Liberty, conscience, and toleration : the political thought of William Penn / Andrew R. Murphy.

Author
Murphy, Andrew R., 1967- [Browse]
Format
Book
Language
English
Published/​Created
  • New York, NY : Oxford University Press, [2016]
  • ©2016
Description
xiii, 301 pages ; 25 cm

Details

Subject(s)
Summary note
  • "In a seventeenth-century English landscape populated with towering political and philosophical figures - Hobbes, Harrington, Cromwell, Milton, Locke - William Penn (1644-1718) remains a man apart, a figure whom many know a little, but few know well. In Liberty, Conscience, and Toleration, Andrew Murphy shows that, despite widespread scholarly neglected, William Penn was a sophisticated political thinker who contributed in decisive ways to the theory and practice of religious liberty in the early modern Atlantic world. The book elucidates the various political conflicts in which Penn participated, and the ways in which they facilitated the development of his political ideas over a forty-old-year political career. Murphy's picture of Penn's political thinking unfolds over the course of five engaging chapters, which focus on the main political episodes that occasioned his sustained attention as a political thinker and actor: the controversy over the Second Conventicle Act (1668-1670); the Popish Plot and Exclusion Crisis (1678-1681); the founding and settlement of Pennsylvania (1681-1684); and the contentious reign of James II (1685-1688). The book contextualizes the development of Penn's thought in England and America through analysis of his published writings in the midst of the religio-political conflicts of Restoration and Revolutionary England, illuminating the mutual interconnections between Penn's political thought and his colonizing venture in America. William Penn played a crucial role in the contentious emergence of religious liberty and remains a singular figure in the history of liberty of conscience. Penn's remarkable political theorizing provides a window into the increasingly vocal, organized, and philosophically sophisticated tolerationist movement that gained strength over the second half of the seventeenth century. Not only did Penn attempt to articulate principles of religious liberty as a Quaker in England, but he actually governed an American polity and experienced firsthand the complex relationship between political theory and political practice. Murphy's analysis highlights Penn's ongoing significance to the broader study of Anglo-American political theory and practice and the history of political thought. The examination of Penn's political thought ultimately points scholars toward a new way of understanding the history of political thought and the enterprise of political theory itself: what it is, where and how it is produced, and how it relates to political practice"-- Provided by publisher.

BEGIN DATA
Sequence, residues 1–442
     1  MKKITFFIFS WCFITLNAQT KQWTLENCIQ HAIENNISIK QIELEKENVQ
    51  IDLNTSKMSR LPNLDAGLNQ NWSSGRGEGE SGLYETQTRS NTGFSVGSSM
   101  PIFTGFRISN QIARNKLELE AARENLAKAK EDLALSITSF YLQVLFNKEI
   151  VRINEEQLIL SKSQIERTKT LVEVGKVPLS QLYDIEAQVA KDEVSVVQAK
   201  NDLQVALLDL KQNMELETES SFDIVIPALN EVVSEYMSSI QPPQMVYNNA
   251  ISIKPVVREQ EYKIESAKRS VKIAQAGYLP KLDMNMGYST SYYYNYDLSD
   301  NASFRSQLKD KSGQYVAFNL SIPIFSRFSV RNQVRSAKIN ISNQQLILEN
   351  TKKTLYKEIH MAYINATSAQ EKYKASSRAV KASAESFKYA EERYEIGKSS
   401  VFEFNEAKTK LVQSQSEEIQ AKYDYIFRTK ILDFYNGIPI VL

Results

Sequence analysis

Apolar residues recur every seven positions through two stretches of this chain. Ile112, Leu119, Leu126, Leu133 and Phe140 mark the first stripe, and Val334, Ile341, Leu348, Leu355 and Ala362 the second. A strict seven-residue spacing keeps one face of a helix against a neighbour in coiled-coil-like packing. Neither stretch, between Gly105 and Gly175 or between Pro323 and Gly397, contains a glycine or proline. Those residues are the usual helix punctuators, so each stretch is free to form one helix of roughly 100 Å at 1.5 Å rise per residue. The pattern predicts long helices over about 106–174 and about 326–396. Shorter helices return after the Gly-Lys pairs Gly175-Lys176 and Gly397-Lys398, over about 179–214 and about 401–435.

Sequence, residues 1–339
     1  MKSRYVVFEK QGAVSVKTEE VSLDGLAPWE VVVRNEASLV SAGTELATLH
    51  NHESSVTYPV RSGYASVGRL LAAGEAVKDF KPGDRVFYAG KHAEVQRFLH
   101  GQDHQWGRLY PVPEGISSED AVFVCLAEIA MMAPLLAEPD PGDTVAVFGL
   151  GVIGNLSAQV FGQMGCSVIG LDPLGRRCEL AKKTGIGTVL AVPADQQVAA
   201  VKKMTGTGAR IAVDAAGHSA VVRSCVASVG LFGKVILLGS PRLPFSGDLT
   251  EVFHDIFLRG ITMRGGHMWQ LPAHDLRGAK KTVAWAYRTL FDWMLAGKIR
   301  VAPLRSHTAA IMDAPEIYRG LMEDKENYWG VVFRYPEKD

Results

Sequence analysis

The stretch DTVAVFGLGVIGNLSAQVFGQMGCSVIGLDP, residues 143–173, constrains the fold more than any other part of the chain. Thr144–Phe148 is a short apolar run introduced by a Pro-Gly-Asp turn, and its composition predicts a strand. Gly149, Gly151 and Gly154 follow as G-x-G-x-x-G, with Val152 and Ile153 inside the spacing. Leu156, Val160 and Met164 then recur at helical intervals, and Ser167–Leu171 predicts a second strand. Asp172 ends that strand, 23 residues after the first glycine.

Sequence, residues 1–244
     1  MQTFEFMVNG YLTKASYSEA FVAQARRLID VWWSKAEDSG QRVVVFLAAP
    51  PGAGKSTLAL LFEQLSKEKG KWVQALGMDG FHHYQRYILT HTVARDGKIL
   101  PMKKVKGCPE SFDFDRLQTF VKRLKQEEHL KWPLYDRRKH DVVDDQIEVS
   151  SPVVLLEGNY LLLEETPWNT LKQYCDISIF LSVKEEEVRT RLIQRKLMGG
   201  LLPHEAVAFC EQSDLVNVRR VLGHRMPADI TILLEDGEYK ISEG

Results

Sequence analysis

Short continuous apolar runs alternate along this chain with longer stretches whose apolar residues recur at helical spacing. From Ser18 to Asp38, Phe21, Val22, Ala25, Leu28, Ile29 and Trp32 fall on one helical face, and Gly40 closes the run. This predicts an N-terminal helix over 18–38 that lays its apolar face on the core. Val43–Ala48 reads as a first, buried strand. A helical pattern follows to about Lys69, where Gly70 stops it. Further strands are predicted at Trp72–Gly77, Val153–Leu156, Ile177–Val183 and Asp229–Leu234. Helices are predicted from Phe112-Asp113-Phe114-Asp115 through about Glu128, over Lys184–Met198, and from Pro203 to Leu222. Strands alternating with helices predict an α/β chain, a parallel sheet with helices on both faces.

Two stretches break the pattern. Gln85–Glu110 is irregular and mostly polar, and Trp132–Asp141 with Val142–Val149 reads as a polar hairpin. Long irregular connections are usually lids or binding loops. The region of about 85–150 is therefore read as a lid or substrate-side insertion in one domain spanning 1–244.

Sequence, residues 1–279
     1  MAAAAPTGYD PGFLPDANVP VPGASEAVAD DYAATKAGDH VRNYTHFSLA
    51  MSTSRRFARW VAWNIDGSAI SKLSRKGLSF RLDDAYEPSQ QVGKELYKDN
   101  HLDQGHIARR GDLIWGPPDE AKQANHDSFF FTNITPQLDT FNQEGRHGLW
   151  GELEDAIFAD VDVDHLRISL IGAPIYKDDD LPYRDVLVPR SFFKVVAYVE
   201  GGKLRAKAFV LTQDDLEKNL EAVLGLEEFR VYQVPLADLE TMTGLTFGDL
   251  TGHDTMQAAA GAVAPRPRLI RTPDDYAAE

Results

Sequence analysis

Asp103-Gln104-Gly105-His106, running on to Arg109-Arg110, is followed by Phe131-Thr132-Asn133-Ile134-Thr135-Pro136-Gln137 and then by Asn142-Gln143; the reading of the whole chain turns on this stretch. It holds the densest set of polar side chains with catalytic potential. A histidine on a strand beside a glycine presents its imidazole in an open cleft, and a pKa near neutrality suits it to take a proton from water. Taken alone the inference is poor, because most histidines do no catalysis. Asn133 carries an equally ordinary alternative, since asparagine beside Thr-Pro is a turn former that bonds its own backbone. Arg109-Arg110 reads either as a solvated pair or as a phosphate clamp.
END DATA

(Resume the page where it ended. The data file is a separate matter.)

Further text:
• "William Penn played a crucial role in the emergence of religious liberty and remains a singular, if often overlooked, figure in the history of liberty of conscience. Penn's political thought provides a window into the tolerationist movement that gained strength over the second half of the seventeenth century. In addition, Penn experienced firsthand the complex relationship between political theory and practice as proprietor of a major American colony. A careful examination of Penn's political thought points scholars toward a new way of understanding the enterprise of political theory itself"-- Provided by publisher.
Bibliographic references
Includes bibliographical references (pages 259-289) and index.
Contents
William Penn in England and America: an approach to political thought in context -- Emergence: 1668-1671 -- Debut: the peoples ancient and just liberties -- Plot: parliament, popery, and liberty, 1678-1681 -- Founding: theory meets practice? -- Revolution: William Penn and James II, 1685-1688 -- Return: The 1690s -- Legacy?.
ISBN
  • 9780190271190 ((hardback))
  • 0190271191 ((hardback))
LCCN
2015037021
OCLC
933274092
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